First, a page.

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"The Reign of Morons Is Here." Esquire's Charles P. Pierce says only the naive could have been truly surprised by the government shutdown. See also: Brian Knowlton's "FAQ About the Battle in Congress on Spending and Debt" for The New York Times. Related: The Atlantic's Jordan Weissman on "The Saddest Paragraph You'll Read About the Government Shutdown Today."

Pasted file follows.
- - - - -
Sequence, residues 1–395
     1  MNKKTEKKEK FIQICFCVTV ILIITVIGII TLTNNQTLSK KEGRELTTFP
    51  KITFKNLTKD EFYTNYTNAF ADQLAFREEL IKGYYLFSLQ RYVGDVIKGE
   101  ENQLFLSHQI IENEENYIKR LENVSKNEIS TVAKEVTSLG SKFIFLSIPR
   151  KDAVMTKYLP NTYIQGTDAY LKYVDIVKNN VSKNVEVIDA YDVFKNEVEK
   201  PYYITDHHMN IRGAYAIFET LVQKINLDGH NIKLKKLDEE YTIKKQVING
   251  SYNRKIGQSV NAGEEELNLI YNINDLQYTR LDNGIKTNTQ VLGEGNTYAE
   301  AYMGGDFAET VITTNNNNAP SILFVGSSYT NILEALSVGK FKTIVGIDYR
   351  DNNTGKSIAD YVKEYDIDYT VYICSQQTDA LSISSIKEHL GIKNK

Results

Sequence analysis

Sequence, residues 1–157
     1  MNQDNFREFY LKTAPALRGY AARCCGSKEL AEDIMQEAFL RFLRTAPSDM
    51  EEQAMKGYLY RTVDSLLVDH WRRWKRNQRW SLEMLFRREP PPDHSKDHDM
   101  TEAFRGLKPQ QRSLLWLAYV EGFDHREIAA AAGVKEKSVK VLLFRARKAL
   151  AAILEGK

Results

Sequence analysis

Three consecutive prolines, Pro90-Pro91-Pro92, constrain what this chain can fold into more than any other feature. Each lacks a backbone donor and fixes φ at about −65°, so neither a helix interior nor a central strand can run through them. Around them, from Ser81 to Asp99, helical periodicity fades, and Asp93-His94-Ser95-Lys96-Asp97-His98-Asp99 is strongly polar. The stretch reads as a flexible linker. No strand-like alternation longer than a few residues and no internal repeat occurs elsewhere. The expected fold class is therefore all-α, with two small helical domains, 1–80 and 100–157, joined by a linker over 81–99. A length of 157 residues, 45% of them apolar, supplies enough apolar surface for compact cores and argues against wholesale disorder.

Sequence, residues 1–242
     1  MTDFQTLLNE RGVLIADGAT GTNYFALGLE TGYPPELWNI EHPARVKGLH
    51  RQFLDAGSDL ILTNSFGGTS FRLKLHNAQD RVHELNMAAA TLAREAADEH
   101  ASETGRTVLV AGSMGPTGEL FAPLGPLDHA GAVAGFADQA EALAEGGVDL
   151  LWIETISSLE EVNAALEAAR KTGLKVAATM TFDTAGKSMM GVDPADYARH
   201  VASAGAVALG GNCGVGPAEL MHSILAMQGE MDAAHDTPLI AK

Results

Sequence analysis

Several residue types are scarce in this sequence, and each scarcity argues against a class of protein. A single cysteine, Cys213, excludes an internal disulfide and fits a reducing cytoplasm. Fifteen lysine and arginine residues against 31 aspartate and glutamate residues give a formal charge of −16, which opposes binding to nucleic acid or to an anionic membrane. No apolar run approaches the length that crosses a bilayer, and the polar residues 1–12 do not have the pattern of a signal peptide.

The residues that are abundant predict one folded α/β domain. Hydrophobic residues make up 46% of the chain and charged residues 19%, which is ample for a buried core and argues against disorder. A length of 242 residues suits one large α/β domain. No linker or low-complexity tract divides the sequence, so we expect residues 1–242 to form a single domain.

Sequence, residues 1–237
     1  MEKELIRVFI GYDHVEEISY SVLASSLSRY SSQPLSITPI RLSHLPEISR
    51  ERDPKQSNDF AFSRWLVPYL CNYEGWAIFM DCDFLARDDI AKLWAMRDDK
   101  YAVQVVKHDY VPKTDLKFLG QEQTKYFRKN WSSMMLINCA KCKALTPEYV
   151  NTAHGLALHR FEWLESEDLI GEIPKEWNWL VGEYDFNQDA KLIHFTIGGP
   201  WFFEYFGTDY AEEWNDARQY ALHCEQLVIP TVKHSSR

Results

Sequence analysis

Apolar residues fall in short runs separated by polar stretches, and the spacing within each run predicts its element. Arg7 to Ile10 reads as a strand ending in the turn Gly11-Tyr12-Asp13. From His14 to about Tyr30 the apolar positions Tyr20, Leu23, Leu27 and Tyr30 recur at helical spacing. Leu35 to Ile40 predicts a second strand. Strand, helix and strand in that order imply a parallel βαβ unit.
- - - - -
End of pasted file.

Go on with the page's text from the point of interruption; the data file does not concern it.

"We did this. We looked at our great legacy of self-government and we handed ourselves over to the reign of morons. This is what they came to Washington to do -- to break the government of the United States. It doesn't matter any more whether they're doing it out of pure crackpot ideology, or at the behest of the various sugar daddies that back their campaigns, or at the instigation of their party's mouthbreathing base. It may be any one of those reasons. It may be all of them. The government of the United States, in the first three words of its founding charter, belongs to all of us, and these people have broken it deliberately. The true hell of it, though, is that you could see this coming down through the years, all the way from Ronald Reagan's First Inaugural Address in which government 'was' the problem, through Bill Clinton's ameliorative nonsense about the era of big government being 'over,' through the attempts to make a charlatan like Newt Gingrich into a scholar and an ambitious hack like Paul Ryan into a budget genius, and through all the endless attempts to find 'common ground' and a 'Third Way.' Ultimately, as we all wrapped ourselves in good intentions, a prion disease was eating away at the country's higher functions. One of the ways you can acquire a prion disease is to eat right out of its skull the brains of an infected monkey. We are now seeing the country reeling and jabbering from the effects of the prion disease, but it was during the time of Reagan that the country ate the monkey brains."